But two years and two foreign wars after 9/11 triggered Bush’s War on Terror, Americans do not feel safer, according to a US survey. While US troops are busy fighting “terror” abroad, their compatriots are often terrified back home.
Worse still, Bush’s so-called War on Terror is creating more hostility, thus raising the risk of attacks against the US – a catastrophic policy failure.
Many Americans remain fearful because they are sceptical the battle against global terrorism will end soon, says Professor Robert Shapiro, a specialist in public opinion and mass media at the University of Columbia, Massachusetts.
“The $86 billion that (President George) Bush just asked for – that’s not for a quick fix,” he says. “And there are reminders. At the airport, train stations, you see things you didn’t see before: heavily-armed police at public events, like concerts.”
Such disturbing novelties help explain why 75% of US citizens think the world is more dangerous than it was a decade ago. That is sharply up from 53% surveyed by the Washington-based Pew Research Centre a few days before the attacks on 11 September, 2001.
Similarly, the proportion who believe the US is more likely to face a biological, nuclear or chemical attack jumped from 51% to 64%.
"The threat of terrorism is now part of the fabric of American life"
From Pew survey,
Two Years Later, the Fear Lingers
Today, around 40% of Americans say they often worry terrorists may attack their country with nuclear weapons – a relatively novel concern.
“The threat of terrorism is now part of the fabric of American life,” notes the Pew survey, titled Two Years Later, the Fear Lingers. Released the week before the second anniversary of the 9/11 attacks, it reveals three quarters of Americans fear occasional acts of terrorism are now "unavoidable".
With us or against us
After the World Trade Centre collapsed in a swirling mountain of ash, sympathy for the United States swelled around the planet. As an editorial in France’s Le Monde newspaper famously declared: “We are all Americans now”.
But Bush’s challenging call of “You’re either with us or against us” has received mixed reviews. According to another Pew study – Views of a Changing World – the US has become markedly less popular in most countries surveyed.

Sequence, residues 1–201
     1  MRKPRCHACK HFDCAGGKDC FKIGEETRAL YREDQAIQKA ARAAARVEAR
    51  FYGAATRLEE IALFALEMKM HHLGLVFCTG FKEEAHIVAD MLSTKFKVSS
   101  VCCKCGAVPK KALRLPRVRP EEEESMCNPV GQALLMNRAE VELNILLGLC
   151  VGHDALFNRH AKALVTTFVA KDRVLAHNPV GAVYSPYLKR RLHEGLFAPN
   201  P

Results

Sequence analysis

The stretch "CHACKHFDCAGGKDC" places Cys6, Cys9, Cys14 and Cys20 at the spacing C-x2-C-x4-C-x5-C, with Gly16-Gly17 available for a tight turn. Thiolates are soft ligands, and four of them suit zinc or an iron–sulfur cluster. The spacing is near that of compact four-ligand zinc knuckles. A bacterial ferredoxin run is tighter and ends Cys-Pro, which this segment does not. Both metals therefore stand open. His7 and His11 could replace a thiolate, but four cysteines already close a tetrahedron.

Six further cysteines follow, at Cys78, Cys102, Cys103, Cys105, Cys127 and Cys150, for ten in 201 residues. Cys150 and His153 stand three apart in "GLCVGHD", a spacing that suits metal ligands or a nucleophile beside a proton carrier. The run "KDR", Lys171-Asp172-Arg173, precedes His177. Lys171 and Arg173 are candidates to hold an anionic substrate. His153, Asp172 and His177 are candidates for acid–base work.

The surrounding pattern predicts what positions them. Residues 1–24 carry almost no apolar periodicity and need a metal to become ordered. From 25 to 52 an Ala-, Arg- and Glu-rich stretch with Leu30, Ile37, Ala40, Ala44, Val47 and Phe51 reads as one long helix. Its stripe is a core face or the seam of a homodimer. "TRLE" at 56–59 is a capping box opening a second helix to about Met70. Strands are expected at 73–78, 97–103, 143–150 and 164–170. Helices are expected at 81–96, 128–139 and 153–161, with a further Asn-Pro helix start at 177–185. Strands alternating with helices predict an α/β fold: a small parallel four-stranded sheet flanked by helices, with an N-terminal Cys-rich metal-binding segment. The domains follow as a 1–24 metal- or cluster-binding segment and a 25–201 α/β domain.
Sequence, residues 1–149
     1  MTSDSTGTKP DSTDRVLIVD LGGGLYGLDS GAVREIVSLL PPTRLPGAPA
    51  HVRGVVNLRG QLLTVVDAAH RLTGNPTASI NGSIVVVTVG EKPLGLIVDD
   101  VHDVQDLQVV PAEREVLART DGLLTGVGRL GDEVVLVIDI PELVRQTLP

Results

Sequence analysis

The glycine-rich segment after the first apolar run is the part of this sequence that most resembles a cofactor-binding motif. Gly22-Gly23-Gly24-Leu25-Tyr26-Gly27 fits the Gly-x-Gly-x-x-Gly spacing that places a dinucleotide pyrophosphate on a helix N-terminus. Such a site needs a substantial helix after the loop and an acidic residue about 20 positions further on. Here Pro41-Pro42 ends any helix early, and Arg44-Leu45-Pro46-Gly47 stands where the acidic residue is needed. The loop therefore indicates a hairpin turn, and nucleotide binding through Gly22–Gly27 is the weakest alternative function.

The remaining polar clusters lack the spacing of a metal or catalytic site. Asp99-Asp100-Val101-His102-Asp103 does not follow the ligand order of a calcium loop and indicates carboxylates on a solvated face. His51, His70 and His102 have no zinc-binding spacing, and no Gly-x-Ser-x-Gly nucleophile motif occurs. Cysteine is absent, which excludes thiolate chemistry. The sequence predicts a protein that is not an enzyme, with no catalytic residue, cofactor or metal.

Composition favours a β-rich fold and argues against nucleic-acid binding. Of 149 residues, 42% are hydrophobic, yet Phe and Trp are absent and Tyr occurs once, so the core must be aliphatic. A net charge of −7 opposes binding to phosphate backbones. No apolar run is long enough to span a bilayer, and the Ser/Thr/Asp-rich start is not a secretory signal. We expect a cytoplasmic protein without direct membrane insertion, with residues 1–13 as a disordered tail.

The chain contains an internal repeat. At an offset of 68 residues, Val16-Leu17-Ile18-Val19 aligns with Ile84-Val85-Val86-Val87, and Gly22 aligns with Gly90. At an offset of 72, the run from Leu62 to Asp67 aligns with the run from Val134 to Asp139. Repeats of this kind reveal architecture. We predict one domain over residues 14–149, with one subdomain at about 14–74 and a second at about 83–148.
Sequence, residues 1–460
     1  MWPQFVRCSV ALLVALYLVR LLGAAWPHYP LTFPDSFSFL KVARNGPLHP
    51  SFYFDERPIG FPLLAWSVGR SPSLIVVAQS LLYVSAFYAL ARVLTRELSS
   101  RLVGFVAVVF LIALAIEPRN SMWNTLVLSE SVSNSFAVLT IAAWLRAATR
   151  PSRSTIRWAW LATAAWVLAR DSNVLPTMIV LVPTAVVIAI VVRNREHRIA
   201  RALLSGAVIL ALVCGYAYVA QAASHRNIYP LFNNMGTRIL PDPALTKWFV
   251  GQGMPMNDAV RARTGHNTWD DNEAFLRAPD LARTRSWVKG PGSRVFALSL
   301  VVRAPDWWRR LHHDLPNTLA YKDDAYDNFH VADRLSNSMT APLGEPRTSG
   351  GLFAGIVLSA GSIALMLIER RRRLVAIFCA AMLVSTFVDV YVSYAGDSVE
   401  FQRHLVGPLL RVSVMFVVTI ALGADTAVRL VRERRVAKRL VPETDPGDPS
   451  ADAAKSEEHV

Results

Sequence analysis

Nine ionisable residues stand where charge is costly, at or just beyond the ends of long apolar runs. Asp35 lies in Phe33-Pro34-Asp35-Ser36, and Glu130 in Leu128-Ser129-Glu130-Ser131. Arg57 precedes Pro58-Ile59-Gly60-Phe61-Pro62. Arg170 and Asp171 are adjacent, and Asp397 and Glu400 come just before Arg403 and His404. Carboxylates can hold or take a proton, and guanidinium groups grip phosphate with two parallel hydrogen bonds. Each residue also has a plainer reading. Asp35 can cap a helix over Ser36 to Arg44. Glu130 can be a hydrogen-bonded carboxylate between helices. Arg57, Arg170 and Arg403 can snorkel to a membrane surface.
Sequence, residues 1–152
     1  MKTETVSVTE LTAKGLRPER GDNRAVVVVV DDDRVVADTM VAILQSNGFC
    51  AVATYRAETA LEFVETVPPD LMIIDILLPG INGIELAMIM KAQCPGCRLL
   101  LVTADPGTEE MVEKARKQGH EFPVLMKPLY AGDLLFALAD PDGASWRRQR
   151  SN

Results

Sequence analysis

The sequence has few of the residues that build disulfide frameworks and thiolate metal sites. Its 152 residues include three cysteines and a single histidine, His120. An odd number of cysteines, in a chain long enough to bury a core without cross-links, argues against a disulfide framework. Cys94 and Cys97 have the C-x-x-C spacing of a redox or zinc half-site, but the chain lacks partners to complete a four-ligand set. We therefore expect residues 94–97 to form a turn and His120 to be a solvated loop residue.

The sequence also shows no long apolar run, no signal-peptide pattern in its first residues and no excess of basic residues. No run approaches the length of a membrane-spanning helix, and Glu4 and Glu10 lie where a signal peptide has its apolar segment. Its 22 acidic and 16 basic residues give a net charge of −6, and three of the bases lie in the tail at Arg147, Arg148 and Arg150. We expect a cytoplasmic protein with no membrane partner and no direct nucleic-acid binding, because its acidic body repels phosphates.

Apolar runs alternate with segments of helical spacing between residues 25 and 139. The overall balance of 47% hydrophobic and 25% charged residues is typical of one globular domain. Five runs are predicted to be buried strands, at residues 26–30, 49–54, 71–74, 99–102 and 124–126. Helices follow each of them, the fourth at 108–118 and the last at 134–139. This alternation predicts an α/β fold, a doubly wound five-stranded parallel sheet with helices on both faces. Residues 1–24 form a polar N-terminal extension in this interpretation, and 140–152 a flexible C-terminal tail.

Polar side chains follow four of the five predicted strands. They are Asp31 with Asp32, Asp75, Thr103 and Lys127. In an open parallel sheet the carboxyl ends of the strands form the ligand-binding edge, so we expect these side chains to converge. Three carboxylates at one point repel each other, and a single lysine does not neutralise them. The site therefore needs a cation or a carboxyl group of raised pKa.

Spanish antiwar protest: Attack
on Iraq hurt US global popularity
Polling 16,000 people in 20 countries this summer and more than 38,000 people in 44 counties the year before, the study finds the war against Iraq has further widened divisions between the US and its European allies.
A majority in five of seven NATO countries surveyed now wants greater independence diplomatic and security matters: from 57% of Germans to 76% of French citizens. Only in Britain and Italy did the US enjoy anything like the popularity it had before.
Some observers dismiss what they see as superficial sentiments or crude cultural defensiveness.
“There’s a lot of anti-Americanism in Europe, a lot of jealousy,” says Dr Vernon Bogdanor, an international relations specialist at the University of Oxford in Britain.
The cause, Bogdanor suggests, may be a sense that Europeans lack influence over US actions.
But Bush’s domestic critics have taken notice. Howard Dean, a Democratic presidential candidate and former Vermont governor, has blamed the president for transforming the “tidal wave of support and goodwill that engulfed us after the tragedy of 9/11” into “distrust, scepticism, and hostility”.
For many in the Muslim world, public support for the US has been replaced by fear and loathing. Anti-US sentiment used to be more restricted to the Middle East, but US popularity over the past year has plummeted among Muslims worldwide, from Nigeria (71% to 38%) to Indonesia (61% to 15%), the survey finds.
Even in Kuwait, whose people were grateful to US forces for expelling Iraqi troops in 1991, more than half now fear the US could turn against them one day.
US policy since 9/11 may have
raised the risks of another attack
Dr Emad Shaheen, a political scientist at the American University in Cairo, lists three key factors that have encouraged disliking of the US in much of the Muslim world.
These are the direct US attacks against Afghanistan and Iraq, support for Israel as it suppresses the Palestinian uprising, and the perception that the Bush administration is pursuing an ideological struggle against Islam.
“The War on Terror is seen as really a War on Islam,” says Shaheen.
“People see US actions against Muslim organisations, other actors, even educational bodies, and there is a feeling of an onslaught against Islam,” he says.
“They see the demeaning and dehumanising treatment of Muslim prisoners in Guantanamo Bay, they see US-made F-16s hitting the Palestinians … and how the war in Iraq was prosecuted.”
The result is a damaging blow to stated US policy goals.
“More attacks against the US can be expected,” says Shaheen, referring both to resistance activity in Iraq and operations from international groups such al-Qaida.
It does not sound like a safer world.